A multidisciplinary perspective on climate model evaluation for antarctica

T. J. Bracegirdle, N. A.N. Bertler, A. M. Carleton, Q. Ding, C. J. Fogwill, J. C. Fyfe, H. H. Hellmer, A. Y. Karpechko, K. Kusahara, E. Larour, P. A. Mayewski, W. N. Meier, L. M. Polvani, J. L. Russell, S. L. Stevenson, J. Turner, J. M. Van Wessem, W. J. Van De Berg, I. Wainer

Research output: Contribution to journalArticlepeer-review

7 Scopus citations


A workshop was organized by Antarctic Climate 21 (AntClim21), with the topic 'evaluation of climate models' representation of Antarctic climate from the perspective of long-term twenty-first-century climate change.' The suggested approach for evaluating whether climate models over- or underestimate the effects of ozone depletion is to diagnose simulated historical trends in lower-stratospheric temperature and compare these to observational estimates. With regard to more regional changes over Antarctica, such as West Antarctic warming, the simulation of teleconnection patterns to the tropical Pacific was highlighted. To improve the evaluation of low-frequency variability and trends in climate models, the use and development of approaches to emulate ice-core proxies in models was recommended. It is recommended that effort be put into improving datasets of ice thickness, motion, and composition to allow for a more complete evaluation of sea ice in climate models. One process that was highlighted in particular is the representation of Antarctic clouds and resulting precipitation. It is recommended that increased effort be put into observations of clouds over Antarctica, such as the use of instruments that can detect cloud-base height or the use of remote sensing resources.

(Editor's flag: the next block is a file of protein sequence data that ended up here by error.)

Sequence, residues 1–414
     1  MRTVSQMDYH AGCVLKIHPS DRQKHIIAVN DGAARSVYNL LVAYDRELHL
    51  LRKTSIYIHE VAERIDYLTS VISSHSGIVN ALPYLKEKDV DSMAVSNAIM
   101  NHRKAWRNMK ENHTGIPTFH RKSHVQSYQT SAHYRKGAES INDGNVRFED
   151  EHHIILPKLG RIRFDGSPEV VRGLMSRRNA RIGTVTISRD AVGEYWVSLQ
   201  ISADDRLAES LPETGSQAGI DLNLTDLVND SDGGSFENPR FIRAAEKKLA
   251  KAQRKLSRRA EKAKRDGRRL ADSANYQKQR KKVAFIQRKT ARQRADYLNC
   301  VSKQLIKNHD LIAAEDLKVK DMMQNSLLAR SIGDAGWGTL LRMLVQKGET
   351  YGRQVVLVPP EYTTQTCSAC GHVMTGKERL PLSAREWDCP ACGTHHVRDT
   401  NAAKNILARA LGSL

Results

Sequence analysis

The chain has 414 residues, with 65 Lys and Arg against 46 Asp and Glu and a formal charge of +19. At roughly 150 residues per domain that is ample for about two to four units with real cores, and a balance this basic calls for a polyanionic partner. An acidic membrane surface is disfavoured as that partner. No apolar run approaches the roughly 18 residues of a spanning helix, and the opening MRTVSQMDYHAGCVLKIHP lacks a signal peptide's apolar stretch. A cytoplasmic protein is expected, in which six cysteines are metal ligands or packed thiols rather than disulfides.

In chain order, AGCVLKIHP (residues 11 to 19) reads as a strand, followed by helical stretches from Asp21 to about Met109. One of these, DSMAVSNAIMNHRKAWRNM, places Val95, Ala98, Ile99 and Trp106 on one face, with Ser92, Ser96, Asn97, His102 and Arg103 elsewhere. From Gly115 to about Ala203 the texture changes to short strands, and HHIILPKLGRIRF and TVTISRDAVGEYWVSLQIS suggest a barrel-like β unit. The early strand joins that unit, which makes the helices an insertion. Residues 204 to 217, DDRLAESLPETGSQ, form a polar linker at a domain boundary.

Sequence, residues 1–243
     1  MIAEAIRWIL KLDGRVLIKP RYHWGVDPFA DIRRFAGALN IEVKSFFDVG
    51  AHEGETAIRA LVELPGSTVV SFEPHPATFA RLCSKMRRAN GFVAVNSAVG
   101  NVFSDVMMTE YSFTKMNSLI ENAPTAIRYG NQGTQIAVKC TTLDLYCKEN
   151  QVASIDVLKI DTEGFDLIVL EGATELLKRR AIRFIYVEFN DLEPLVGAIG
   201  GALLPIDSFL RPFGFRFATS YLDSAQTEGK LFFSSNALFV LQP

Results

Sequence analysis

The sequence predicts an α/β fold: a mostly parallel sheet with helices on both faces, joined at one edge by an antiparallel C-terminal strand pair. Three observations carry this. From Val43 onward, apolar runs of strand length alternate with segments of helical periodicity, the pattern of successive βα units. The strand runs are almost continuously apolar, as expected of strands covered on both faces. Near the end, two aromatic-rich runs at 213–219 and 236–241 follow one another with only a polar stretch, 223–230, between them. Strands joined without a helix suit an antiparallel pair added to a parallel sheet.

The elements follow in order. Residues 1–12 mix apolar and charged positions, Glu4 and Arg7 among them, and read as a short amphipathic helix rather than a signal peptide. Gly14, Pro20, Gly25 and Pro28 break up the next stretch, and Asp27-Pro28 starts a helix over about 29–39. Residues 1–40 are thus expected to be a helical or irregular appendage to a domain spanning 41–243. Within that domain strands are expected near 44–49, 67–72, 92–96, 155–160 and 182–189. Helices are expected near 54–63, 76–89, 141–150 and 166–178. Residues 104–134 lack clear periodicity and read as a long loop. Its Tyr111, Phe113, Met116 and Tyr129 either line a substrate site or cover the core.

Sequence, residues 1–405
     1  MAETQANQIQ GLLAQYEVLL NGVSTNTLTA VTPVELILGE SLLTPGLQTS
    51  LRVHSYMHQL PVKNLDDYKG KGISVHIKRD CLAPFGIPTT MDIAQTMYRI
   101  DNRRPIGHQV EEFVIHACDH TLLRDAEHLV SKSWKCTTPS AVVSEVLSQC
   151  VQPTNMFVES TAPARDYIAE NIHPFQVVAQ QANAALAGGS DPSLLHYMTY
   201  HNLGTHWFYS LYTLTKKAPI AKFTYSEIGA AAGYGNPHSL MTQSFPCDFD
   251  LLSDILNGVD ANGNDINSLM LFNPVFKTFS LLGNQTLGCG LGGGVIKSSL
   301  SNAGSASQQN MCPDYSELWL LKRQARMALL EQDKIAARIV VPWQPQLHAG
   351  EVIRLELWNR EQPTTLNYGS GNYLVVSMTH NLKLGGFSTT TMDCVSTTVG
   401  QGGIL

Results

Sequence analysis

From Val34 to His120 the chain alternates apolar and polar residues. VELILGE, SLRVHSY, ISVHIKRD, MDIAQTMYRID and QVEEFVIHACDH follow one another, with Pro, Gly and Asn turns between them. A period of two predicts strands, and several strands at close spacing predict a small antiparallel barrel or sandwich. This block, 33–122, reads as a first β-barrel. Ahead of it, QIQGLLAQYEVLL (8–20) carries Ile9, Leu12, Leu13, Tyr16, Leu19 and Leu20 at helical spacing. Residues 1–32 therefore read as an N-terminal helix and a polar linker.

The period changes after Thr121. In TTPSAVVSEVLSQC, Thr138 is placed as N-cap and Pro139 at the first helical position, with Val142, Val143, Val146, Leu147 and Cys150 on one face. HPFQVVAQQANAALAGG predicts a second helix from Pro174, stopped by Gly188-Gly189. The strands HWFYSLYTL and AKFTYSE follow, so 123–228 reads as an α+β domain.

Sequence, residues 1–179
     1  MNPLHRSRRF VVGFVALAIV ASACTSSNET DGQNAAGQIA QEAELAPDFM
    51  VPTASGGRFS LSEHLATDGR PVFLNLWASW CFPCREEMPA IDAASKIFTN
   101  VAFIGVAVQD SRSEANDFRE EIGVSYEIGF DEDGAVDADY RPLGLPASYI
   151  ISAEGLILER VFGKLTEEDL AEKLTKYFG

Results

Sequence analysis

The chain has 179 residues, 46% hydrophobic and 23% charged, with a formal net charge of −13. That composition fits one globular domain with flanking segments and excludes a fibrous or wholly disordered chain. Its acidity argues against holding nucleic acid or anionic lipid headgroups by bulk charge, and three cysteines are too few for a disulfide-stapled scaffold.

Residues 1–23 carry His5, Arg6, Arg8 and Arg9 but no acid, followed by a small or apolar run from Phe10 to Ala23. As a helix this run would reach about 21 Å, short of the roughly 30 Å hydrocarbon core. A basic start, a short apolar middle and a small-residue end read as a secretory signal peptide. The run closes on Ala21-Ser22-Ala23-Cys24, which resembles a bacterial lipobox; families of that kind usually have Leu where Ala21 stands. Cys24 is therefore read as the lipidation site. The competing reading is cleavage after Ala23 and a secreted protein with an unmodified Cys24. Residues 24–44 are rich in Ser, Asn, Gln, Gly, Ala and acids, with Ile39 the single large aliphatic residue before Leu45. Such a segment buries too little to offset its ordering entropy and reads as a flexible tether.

Original languageEnglish (US)
Pages (from-to)ES23-ES26
JournalBulletin of the American Meteorological Society
Issue number2
StatePublished - Feb 2016

All Science Journal Classification (ASJC) codes

  • Atmospheric Science


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